“Living in Miami is Hispanic Heritage Month every day! I can connect with my Latin culture, and I have also embraced the Hispanic culture. I would celebrate with rice, beans, picanha, croquetas, tostones, and more.” GT

Photo credit: Hearst Owned

Photo credit: Hearst Owned

“Food reminds me of being with family and sharing a meal. It reminds me of holidays—those were a big thing—with pernil and braised oxtails (my mom would only make those for special occasions). Our cultural foods make us feel connected to our family. Family is everything.” —NG

“A sense of belonging and community are deep rooted in food. I moved to Los Angeles when I was ten years old. Food reminds me of family and memories of where I come from. It’s in my blood and soul. It’s family legacy and family is everything.” BL

“Food is so closely tied to my history and the history of my family. All of the memories I have are wrapped around food and my grandfather’s house in Tijuana where there were magnificent feasts. We fully embraced both Mexican and American holidays: Dia de Los Muertos and Halloween.” —MV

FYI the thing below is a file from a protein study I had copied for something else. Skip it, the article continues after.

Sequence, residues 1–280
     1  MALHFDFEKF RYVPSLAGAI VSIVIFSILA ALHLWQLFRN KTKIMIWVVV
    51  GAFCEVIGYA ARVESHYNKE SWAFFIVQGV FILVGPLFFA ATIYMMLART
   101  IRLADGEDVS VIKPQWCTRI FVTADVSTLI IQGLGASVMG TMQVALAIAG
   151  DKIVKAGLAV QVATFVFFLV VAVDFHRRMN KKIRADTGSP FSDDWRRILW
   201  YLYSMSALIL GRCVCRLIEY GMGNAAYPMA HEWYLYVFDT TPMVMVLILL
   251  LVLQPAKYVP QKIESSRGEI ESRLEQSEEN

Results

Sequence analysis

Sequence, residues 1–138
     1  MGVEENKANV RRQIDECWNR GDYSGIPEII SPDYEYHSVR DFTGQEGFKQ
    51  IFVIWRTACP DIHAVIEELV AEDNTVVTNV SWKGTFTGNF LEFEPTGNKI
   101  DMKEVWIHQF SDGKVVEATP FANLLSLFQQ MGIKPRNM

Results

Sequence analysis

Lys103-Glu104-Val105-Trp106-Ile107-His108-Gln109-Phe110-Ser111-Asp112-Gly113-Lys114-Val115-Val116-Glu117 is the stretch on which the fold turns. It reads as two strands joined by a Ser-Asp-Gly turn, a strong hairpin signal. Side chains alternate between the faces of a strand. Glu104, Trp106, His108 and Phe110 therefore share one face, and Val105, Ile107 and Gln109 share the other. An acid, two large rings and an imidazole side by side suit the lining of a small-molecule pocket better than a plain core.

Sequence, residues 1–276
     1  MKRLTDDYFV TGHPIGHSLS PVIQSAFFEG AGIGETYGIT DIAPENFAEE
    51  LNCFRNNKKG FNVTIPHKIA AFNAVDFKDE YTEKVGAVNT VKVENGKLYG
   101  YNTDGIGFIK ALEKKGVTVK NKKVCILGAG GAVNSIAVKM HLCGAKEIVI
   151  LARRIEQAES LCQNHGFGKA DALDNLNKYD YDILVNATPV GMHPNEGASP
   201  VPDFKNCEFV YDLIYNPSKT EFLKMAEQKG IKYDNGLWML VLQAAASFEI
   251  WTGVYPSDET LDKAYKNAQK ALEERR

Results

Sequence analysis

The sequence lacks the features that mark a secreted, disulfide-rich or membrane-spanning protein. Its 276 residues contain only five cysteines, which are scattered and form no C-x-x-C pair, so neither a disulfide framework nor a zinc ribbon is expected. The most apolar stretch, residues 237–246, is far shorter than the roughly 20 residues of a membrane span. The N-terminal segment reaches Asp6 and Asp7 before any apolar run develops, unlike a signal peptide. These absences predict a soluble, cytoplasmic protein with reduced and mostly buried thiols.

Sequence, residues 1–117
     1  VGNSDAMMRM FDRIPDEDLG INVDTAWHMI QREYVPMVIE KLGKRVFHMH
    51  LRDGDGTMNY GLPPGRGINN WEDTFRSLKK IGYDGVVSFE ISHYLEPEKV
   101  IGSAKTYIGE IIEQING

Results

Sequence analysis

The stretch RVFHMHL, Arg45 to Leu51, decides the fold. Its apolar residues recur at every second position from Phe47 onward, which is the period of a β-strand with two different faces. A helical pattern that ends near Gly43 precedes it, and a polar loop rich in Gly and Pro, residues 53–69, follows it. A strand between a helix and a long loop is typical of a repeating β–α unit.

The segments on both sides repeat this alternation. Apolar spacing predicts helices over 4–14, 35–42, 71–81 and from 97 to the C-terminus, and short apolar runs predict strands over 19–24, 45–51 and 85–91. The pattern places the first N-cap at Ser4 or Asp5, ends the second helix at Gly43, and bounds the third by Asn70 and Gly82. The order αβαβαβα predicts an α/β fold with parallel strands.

“How unique it is. ‘Ethnic’ cuisine is making folks in the U.S. learn about their origins, and the importance that certain dishes and ingredients have to those respective cultures. Food is no longer just that in the U.S.—it’s an extension of a community and culture. —EC

Photo credit: Hearst Owned

Photo credit: Hearst Owned

“I’m happiest when I get to cook the amazing Brazilian food I grew up with. When I first came to this country I missed the food terribly, so I found ways to replicate my childhood favorites and stay connected to my roots.” —GT

“Food is a way for me to bring people together, and in our culture family and togetherness are very important; food is a huge part of that.” BF

Photo credit: Hearst Owned

Photo credit: Hearst Owned